THE Government has presented the 2012/13 estimates of expenditure, and it is reflective of the serious fiscal crisis that faces the country. About a month ago I wrote that "...the fiscal crisis we face today is maybe the toughest one we have ever had to face". And the fact that 54 per cent of the $612 billion budget is allocated to debt servicing is evidence of this. This also means that the amount of money left for expenditure in the local economy is just $276 billion.
Anyone who understood what was facing us is certainly not surprised by this very tight budget, especially as we all know that it is essential for us to satisfy the IMF and the perception of the creditors from whom we will have to, in very short order, approach for loans.
Even with this tight budget, though, the Government did the right thing by reallocating some of the funds to deal with the JEEP programme, which is well needed to provide income for those with the highest propensity to spend. However, the budget presented will not be enough to promote the much needed economic stimulus. The problem of course is that our refusal to have accepted that the economy needed stimulus over the past two years has resulted in an economy that has contracted over that period.
I think even the previous naysayers must now agree that Maynard Keynes was right when he indicated how necessary fiscal stimulus is in times of economic recession. As an example, Europe could continue to face difficulties well beyond when the US has fully recovered because of the mistake they made by relying solely on austerity measures.
As a result of our policies, and the resultant need to tighten the fiscal budget, the fiscal accounts are losing its relevance in terms of being able to help generate growth in the economy. This is why the economy is just projected to grow between zero and one per cent this fiscal year.
My own view though, is that even with the current fiscal situation, the economy can still grow within the two to three per cent range if we are serious. For this to happen though it is going to require a change in the way that we think about sustainable development. One of the first changes in thinking is that we need to understand that the preoccupation with the fiscal accounts, to the detriment of the economy and external account, must change.
In fact, the first thing we need to recognise is that any significant tax package will more than likely cause a further contraction in the economy. This may be the way that those who craft the budget are looking, but it has not worked before, and therefore more than likely will not work again. If we ignore logic for fiscal expediency, then we could find ourselves at this juncture again next year.
If, however, logic does not prevail and there are going to be new taxes, then logic again dictates that it would be better to reduce the tax at the levels where there is the highest propensity to spend in the local economy and place the tax burden where there is a higher propensity to save, or spend externally. What would be practically translated into is reducing the PAYE rate, while increasing the consumption tax on imported items that are locally produced, as an example. Even this sort of approach is not sustainable, however, as it could result in capital moving offshore.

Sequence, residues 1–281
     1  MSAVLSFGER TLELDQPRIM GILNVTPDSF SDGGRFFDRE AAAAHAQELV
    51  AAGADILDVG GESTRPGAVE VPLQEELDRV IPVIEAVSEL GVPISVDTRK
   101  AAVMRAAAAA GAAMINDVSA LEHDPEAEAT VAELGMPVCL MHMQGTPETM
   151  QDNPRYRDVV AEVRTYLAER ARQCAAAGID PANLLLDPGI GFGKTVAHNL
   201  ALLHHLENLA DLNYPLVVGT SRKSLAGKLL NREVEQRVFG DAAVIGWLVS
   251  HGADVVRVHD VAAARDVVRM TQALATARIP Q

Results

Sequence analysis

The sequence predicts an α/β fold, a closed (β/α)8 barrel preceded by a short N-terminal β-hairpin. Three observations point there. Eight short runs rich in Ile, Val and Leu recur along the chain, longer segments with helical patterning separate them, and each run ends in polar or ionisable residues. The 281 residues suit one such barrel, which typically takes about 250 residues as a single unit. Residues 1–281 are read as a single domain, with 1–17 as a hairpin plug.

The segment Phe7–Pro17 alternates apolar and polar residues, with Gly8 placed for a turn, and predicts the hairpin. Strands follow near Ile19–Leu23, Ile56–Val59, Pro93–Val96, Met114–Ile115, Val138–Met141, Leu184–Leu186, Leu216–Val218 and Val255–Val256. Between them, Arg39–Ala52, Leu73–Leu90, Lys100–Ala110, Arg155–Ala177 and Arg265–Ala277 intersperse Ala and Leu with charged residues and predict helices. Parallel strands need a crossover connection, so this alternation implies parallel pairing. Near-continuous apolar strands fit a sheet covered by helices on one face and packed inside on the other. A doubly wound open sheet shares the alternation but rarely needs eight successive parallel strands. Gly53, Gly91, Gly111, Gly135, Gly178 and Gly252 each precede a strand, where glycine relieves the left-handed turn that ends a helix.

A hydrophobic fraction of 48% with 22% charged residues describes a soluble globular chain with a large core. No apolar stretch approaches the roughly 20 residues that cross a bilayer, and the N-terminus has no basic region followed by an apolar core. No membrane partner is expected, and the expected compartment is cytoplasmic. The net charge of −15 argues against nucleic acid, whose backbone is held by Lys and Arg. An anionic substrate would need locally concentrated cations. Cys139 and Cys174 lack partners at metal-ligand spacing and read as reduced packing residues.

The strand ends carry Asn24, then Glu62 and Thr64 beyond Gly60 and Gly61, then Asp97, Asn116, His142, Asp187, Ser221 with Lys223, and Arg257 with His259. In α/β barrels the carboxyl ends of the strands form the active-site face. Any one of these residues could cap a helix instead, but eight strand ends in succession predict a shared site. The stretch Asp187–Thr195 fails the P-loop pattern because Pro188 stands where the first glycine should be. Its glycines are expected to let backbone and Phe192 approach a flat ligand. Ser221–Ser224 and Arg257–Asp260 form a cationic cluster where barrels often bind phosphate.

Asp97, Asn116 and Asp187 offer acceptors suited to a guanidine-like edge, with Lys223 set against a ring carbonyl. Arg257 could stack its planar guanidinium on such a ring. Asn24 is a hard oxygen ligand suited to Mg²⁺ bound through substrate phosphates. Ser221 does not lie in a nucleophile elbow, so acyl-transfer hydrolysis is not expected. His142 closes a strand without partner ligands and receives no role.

The corner that we have painted ourselves into, however, is one where we had no option but to present this type of budget. The result of our failed fiscal policies over the decades, and the absence of policies that enables the market towards productivity.
While we recognise that the budget will not assist with any growth in the economy this year, there are three initiatives that could help to significantly stimulate the economy. These are:
* The move by Minister Paulwell to bring greater competitiveness to the energy sector, while at the same time bringing greater awareness to the benefits of going with renewable energy primarily at residences. This is something that I have been pushing for over two years and I am happy to see that the current minister is taking this seriously, as because of the past reluctance to properly embrace this, it has cost the country significant amounts of foreign exchange;
* The three mega-projects being introduced by Dr Davies, if they can get past the bureaucracy that has stifled so much of our progress, will definitely provide a significant stimulus to the economy; and
* The push by the Transport Ministry to bring some order to the transportation system has the potential of providing significant savings to the energy bill and increasing productive hours. This can easily happen if we do what is necessary to properly structure and realise the benefits from the transport system.
So while the projection is for the economy to grow between zero and one per cent, I think that this view of how the economy will perform is really restricted by the capacity of those looking at the economy to think outside of what exists today. If we do a little thinking, and acting, outside of the box, it is my view that we can see two to three per cent growth. But we must first have the will to do what is necessary to achieve this.
Private-Public Hospital (PPH)
Only this week I was at a private hospital that I'd had a bad experience with late last year. Again I had another bad experience, which made me wonder if it wouldn't have been better for the patient to have gone to the University Hospital, or even KPH.
It seems as if this hospital is taking the Public-Private Partnership (PPP) thing to another level and is now touting the concept of PPH, as the wait to see a doctor topped two hours at this newly crowned PPH. The only difference is that the cost of the PPH is more than the pure public hospital, even though the wait time is the same or worse.